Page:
Blog: Finding Light on the Winter Solstice
By Isa Gucciardi, Ph.D.
The wind is cold and biting. I hear the neighborhood kids playing in the fallen leaves all around the Sacred Stream Center as the late afternoon sun is setting far too quickly. I rarely put the electric lights on in the Sacred Stream Sanctuary, because the room has stained glass windows on the eastern, southern and western sides of the wood paneled space. Throughout the day, I know what time it is by gauging where the light is falling in the room. Now, it is fading fast behind the 100-year-old arched stained glass that engulfs the western wall.
This is the fourth time in the solstice calendar that we have cancelled our quarterly drum circle. We have come together to mark the solstice or equinox since 1995. When the spring equinox circle was cancelled in March of this year, it was jarring to realize that our traditions could so easily be abandoned. Now, with the winter winds, it does not seem surprising at all that anything we may have planned does not occur as we thought it might.
As we look into the darkening nights, we are all facing obscurations on so many levels. The pandemic promises to continue to break infection records. Our political landscape both nationally and internationally is fraught with so much danger. The climate crisis deepens as our fellow creatures continue to withdraw from the earth. Since human time began on earth, the winter solstice season has been a time when people have looked into the yawning darkness and wondered if the light would ever return. We still ask this same question, and its import is multiplied across the many layers of complexity we are facing.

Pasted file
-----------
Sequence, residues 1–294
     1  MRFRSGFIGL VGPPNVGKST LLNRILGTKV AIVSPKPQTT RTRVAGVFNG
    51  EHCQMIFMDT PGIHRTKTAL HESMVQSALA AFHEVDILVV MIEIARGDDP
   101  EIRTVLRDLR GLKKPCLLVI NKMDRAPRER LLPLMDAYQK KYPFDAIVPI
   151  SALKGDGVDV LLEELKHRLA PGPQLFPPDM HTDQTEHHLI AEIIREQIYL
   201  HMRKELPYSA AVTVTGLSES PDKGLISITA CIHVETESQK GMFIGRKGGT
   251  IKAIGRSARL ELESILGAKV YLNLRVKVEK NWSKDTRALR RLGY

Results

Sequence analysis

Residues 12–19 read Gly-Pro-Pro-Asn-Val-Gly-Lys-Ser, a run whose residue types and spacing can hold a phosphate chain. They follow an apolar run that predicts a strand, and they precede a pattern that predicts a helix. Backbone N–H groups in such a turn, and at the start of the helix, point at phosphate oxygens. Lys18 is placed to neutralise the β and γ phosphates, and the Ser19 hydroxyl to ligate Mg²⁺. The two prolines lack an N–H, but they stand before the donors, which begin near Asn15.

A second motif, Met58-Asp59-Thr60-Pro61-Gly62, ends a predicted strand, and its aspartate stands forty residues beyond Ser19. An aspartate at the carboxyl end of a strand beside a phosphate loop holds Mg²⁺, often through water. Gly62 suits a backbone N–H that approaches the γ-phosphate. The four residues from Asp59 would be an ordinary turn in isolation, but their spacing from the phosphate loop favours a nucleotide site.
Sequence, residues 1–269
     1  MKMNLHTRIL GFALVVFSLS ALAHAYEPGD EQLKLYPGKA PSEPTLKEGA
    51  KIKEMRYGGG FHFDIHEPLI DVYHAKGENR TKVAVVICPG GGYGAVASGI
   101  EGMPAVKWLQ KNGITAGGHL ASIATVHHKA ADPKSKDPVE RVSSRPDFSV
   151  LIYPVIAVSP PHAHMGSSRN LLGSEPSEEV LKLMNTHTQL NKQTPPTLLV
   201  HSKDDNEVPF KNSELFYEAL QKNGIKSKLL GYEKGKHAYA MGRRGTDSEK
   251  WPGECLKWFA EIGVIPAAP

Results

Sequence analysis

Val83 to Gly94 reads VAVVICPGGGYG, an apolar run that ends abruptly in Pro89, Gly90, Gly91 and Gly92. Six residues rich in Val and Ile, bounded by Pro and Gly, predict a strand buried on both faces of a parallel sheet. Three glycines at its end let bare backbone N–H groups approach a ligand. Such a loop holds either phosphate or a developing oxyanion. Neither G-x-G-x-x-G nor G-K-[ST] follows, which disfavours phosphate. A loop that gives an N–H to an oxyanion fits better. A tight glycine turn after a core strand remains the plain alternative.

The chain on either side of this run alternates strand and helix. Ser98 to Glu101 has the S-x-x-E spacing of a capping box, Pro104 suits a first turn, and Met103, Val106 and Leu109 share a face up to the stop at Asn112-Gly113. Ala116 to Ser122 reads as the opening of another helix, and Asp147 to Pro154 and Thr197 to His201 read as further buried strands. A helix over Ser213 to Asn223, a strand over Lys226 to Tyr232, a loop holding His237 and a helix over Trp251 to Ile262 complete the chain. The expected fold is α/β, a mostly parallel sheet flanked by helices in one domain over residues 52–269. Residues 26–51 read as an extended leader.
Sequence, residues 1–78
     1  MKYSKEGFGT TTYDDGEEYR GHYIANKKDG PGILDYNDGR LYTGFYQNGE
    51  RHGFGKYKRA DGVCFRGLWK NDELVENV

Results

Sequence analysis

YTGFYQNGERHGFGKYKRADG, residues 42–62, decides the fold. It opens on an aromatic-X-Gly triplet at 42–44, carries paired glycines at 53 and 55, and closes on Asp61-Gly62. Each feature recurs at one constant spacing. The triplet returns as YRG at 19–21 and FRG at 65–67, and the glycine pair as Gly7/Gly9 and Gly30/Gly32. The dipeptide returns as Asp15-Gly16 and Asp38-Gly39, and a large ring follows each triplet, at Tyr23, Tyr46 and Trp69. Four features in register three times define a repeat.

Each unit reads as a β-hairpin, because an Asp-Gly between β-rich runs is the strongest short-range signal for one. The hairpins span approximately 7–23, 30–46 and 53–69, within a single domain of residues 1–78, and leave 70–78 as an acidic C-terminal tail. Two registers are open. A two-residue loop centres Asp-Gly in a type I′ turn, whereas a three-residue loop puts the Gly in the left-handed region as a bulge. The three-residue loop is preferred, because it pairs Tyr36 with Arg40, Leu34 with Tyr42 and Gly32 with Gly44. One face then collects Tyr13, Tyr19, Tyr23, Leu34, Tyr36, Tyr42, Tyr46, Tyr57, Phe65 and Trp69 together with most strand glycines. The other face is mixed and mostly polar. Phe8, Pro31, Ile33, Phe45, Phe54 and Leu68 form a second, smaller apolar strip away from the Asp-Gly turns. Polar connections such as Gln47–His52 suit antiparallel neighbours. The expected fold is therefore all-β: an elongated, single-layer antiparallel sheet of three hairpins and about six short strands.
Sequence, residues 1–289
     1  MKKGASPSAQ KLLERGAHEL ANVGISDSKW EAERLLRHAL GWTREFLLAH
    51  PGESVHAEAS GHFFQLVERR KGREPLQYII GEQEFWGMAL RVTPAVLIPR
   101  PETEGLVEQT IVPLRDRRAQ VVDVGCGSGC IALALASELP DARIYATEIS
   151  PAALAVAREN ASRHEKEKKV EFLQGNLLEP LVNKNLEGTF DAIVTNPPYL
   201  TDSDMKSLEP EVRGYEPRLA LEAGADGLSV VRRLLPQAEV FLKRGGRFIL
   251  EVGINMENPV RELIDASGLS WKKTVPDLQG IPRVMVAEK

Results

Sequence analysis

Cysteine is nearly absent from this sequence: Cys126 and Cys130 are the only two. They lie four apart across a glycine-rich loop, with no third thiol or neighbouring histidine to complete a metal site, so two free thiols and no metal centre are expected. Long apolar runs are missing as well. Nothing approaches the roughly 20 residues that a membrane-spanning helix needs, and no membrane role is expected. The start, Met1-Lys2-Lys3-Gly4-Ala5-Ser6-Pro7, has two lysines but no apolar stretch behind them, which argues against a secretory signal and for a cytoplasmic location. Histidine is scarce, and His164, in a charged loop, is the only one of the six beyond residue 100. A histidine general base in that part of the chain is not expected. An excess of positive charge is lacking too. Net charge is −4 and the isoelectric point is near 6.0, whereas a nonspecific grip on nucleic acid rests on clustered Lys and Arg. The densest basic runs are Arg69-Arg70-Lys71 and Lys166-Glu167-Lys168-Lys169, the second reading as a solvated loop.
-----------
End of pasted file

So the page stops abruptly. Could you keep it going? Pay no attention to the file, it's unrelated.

As I reflect on the potentials for the future through the times ahead, I am brought back to the current moment. The winter’s cold. The winter’s light. The myriad of birds finding refuge in the Sacred Stream’s garden fountain as we struggle through yet another dry wind, another cloud passing without letting go of its rain. I listen. A silence rises as the sun sets. I try to listen to it as deeply as I can.
I imagine all the places where that silence can be known. The silence of the midnight sun across the northern tundras. The silence the whales encounter at the heart of the ocean’s depths. Out of these moments of silence and darkness emerges a stream of connection. I am shown that this stream of connection flows through the darkest times. I hear the stream calling to all beings, to drink of it without fear. To open. To resist constricting in apprehension that the light might not return. And to allow that silent, deep stream to find its way through to our hearts in these times of aloneness, illness, and lack. It is flowing full. It is expansive. It is a place we can focus until the sun yawns across the sky for just a few more moments as we move past the winter solstice.
This year, there is another important play of light that will bring a brighter glow to the winter. This is the conjunction of Jupiter and Saturn, which will take place on December 21, the day of the winter solstice. This uncommon conjunction of the two planets is known as a great conjunction. They will be so close to one another that their brightness will appear as a double planet. If you look to the west just after the sun yields to the longest night, you will find the doubling of these planets’ lights. The next day, the sun will stay just a bit longer in the sky. It will continue to do so until the March equinox, when the night will be as long as the day.
Let us remember our place within these rhythms, hold steady to our connection, and to the light that emerges in the darkest of times.